“Developing countries which enjoy high economic growth must avoid industrialized countries` previous mistakes by adopting long-term low-carbon development plans,” he said.

He said developing countries would also benefit from the extended carbon market.

Presentations from heads of UN bodies and specialized agencies and statements from 48 ministers and heads of delegation followed. Contact groups and informal consultations continued throughout the day on the Bali roadmap, and mechanisms under the Kyoto Protocol, including compliance with emissions limits.

Australian Prime Minister Kevin Rudd, left, hands Australia’s Kyoto Protocol ratification document to UN Secretary-General Ban Ki-moon today in Bali.

The newly elected Australian Prime Minister Kevin Rudd handed his country’s Kyoto Protocol instrument of ratification to the secretary-general today, reversing Australia’s long-held alliance with the United States under the previous government. Australia will now be bound by greenhouse gas emissions limits of eight percent below 1990 levels by the end of 2012.

Tuesday, delegates celebrated the 10th anniversary of the Kyoto Protocol, which was agreed in Kyoto, Japan in 1997. It took effect in February 2005, and on January 1, 2008, the first commitment period begins.

The protocol, requires 36 industrialized countries and the European Union to reduce a basket of six greenhouse gases an average of 5.2 percent below 1990 levels during the first commitment period, which ends December 31, 2012.

The purpose of the Bali conference is to agree on what delegates are calling a “roadmap” towards a successor agreement that will pick up when the Kyoto Protocol expires.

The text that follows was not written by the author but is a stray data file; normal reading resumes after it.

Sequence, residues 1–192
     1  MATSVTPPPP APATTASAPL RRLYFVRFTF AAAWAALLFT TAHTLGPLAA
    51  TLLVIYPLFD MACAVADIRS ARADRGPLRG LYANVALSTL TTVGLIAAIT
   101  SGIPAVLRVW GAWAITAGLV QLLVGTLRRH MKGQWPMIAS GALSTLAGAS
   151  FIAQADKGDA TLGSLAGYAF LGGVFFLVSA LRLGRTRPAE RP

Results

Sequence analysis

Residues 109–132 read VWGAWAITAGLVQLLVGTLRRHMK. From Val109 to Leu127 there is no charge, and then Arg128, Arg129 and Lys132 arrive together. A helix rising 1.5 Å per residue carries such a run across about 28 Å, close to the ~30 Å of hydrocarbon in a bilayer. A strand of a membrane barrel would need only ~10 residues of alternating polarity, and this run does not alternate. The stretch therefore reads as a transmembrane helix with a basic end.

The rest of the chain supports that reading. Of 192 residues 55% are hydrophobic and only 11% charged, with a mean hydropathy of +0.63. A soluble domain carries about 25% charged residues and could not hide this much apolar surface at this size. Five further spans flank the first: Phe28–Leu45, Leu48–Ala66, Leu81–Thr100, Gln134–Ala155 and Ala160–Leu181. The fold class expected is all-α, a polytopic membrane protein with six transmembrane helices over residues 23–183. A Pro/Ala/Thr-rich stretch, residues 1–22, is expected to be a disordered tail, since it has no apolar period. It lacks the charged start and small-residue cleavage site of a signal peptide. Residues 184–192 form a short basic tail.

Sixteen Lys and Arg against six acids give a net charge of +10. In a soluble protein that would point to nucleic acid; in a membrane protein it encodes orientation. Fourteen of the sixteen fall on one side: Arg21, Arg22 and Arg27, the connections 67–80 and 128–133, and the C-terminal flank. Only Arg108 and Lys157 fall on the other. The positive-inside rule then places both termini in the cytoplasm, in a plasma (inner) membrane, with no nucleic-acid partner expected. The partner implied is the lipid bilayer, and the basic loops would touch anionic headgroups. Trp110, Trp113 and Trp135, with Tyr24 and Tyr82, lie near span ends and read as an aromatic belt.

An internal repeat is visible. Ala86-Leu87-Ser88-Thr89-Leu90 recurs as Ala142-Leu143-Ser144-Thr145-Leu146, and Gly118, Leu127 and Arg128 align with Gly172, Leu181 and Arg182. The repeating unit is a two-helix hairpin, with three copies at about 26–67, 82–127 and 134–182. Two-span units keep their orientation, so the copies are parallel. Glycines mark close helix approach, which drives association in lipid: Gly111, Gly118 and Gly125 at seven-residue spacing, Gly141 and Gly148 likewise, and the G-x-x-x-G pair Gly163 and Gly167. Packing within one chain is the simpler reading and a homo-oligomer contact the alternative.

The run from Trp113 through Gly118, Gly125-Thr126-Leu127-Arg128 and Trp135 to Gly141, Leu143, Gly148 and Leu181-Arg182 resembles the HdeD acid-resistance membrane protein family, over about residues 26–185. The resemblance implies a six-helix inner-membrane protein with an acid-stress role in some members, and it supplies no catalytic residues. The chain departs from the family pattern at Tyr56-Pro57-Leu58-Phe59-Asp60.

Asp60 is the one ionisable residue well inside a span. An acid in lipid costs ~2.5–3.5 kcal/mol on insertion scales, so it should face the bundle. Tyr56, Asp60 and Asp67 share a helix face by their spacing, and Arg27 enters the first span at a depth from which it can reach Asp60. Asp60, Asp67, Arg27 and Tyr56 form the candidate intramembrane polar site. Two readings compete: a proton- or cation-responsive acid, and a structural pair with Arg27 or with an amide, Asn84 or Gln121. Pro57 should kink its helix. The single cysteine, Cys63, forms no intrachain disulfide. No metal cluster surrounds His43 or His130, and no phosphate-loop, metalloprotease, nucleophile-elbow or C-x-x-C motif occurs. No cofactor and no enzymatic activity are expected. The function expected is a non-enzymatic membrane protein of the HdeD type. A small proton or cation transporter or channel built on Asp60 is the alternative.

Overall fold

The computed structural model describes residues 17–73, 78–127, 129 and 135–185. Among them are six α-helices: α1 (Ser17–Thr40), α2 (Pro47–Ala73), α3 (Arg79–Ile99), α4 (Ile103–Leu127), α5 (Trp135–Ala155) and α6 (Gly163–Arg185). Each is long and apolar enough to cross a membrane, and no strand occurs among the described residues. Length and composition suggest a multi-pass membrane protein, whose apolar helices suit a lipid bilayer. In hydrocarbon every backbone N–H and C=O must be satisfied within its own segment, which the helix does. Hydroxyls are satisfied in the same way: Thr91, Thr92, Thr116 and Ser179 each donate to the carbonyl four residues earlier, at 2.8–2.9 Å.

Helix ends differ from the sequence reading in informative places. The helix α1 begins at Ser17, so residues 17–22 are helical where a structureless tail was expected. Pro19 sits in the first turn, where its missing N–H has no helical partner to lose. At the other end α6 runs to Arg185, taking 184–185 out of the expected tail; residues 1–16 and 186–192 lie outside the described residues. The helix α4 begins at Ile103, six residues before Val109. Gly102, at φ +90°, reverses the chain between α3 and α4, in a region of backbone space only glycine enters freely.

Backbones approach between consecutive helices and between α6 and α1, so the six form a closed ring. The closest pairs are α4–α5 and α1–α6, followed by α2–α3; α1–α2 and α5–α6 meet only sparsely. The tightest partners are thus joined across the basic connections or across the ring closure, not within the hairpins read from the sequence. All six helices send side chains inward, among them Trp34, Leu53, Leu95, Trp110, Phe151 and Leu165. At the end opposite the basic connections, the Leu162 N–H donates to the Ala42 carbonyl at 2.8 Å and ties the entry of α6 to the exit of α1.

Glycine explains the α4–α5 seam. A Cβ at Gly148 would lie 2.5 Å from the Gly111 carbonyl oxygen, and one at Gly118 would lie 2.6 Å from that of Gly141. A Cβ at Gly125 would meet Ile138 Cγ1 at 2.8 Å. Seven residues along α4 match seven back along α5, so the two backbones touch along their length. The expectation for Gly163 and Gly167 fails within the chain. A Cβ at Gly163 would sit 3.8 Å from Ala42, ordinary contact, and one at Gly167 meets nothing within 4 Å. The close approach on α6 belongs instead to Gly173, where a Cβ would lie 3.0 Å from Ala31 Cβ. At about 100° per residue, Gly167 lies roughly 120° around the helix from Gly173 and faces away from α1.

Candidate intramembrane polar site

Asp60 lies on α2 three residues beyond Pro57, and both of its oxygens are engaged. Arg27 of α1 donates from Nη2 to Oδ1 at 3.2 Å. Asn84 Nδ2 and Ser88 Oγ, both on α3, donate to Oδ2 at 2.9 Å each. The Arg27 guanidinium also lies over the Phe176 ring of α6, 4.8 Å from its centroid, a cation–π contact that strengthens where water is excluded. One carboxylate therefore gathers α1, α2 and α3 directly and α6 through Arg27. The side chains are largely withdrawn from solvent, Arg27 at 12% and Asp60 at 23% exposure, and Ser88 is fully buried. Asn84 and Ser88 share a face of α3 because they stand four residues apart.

Joining global efforts to become climate neutral, the United Nations announced today that it will offset the carbon emissions resulting from its members’ travel to and from climate change conference – estimated at around 3,370 tons of carbon dioxide.

The greenhouse gas emissions arising from the travel of staff from nearly two dozen UN agencies, funds and programs, as well as the secretary-general and his team, are estimated to be worth about $100,000 at current carbon prices.

The UN bodies will invest in credits accumulating in the Kyoto Protocol’s Adaptation Fund, which aims to finance concrete adaptation projects and programs in developing countries.

“Offsetting emissions by supporting the soon-to-be operation adaptation fund sends a clear signal that climate proofing vulnerable economies has – like the UN’s action climate change generally – risen to the top of the organization’s agenda in 2007,” said Achim Steiner, executive director of the UN Environment Programme.

The negotiations at the Bali conference represent a turning point in the fight against global warming, the secretary-general said Tuesday.

“Today, we are at a crossroads, one path leading towards a comprehensive new climate agreement, and the other towards oblivion,” he said. “The choice is clear.”